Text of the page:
The second pilot was titled John Safran: Master Chef. This pilot focused on the food industry. Notably it featured a cooking segment where Safran prepared a beef dish. The twist comes when he arrives in an abattoir and shows detailed footage of cows being slaughtered to complete the dish. Though all unsuccessful, the pilots became hits via the Internet among university students. Safran also recorded a parody of Baz Luhrmann's song "Everybody's Free (To Wear Sunscreen)" entitled "Not the Sunscreen Song" which includes lines such as "Never live in Adelaide, it's a hole" and "Remember, you can't get pregnant the first time you have sex". It peaked at No. 20 in 1998 and was nominated for an ARIA. In Triple M's 2005 Greatest Songs Ever Written and Performed Since the Beginning of Time poll, "Not the Sunscreen Song" came in at #706 – one spot above "Superstition" by Stevie Wonder.
Safran also presented segments for the Seven Network's now defunct Late Report, some were also screened in the United Kingdom with Channel 4's Disinformation program. Safran attained police attention for a stunt to try and coerce cricketer Shane Warne into breaking a "no smoking" clause in an advertising contract with a nicotine gum manufacturer. Safran drove a remote controlled seagull with a cigarette onto the MCG pitch during a match. He was arrested for "pitch invasion", but the charges were dropped.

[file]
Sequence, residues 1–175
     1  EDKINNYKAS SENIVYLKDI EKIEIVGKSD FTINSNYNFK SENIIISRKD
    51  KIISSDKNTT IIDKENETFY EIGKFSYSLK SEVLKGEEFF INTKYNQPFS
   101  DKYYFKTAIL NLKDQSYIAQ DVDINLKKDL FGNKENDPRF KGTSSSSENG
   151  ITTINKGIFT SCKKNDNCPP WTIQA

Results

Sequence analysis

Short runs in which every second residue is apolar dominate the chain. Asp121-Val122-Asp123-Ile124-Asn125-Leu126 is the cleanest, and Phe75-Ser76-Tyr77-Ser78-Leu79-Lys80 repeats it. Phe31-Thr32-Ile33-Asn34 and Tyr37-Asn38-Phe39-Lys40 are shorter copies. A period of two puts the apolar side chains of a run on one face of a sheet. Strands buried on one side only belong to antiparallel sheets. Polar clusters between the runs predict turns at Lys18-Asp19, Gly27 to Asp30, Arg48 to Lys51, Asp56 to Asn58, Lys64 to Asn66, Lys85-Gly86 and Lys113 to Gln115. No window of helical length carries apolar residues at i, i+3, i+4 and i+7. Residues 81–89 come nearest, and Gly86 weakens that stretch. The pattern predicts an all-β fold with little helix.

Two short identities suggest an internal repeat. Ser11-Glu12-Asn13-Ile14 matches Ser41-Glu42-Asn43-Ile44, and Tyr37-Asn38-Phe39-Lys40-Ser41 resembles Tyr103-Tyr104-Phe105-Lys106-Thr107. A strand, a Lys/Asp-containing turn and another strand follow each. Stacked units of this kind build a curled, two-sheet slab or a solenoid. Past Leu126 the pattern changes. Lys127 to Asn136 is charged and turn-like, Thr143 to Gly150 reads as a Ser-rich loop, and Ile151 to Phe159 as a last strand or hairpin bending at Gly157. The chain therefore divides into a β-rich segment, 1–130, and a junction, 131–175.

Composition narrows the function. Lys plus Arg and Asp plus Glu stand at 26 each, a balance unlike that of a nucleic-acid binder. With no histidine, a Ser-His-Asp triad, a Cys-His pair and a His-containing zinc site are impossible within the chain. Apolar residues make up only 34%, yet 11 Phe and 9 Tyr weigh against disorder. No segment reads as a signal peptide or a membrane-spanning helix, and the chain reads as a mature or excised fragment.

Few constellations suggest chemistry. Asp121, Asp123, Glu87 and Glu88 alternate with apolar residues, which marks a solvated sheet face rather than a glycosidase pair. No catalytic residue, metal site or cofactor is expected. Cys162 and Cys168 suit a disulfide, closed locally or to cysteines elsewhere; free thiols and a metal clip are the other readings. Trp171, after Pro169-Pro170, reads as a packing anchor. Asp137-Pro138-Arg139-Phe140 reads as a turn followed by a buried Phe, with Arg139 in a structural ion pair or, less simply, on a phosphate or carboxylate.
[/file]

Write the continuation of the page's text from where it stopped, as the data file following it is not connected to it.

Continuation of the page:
In 2002, Safran launched his documentary series John Safran's Music Jamboree. He at times raised the ire of his former high school principal. On one occasion Safran and his crew stormed the courtyard of his former school and amid shocked religious students and teachers, he and his crew began to dance to the song "Footloose". He was also able to gain entry into an exclusive Melbourne night club by dressing up nine men as the band Slipknot. Screened on SBS on Saturday nights, it opened Safran's work to youth 12 to 20 years old, who had not seen the original Race Around the World material. The show impressed the Australian Film Institute so much that it won two AFI awards in 2002; "Best Comedy Series" and "Most Innovative Program Concept".
John Safran vs God
In August 2004 he debuted his new show John Safran vs God, also on the SBS television network. The first seven episodes were typical Safran informative satire. The series' finale featured Safran being exorcised of demons which had supposedly possessed him during his dabblings with world religions. The exorcism was performed by well-known Christian fundamentalist Bob Larson. It has been claimed that Safran's behaviour during the exorcism was faked. Safran has neither confirmed nor denied faking his behaviour, but in an interview with an Australian radio personality, Safran did say that he "felt something was going on", and that "there was something about the expression on my face". In an interview on Andrew Denton's Enough Rope program, he claimed that he had no memory of the events during the exorcism, and stated that the footage shown on the show was merely the most interesting from hours of footage. John Safran vs God won a 2005 AFI Award for "Best Comedy Series".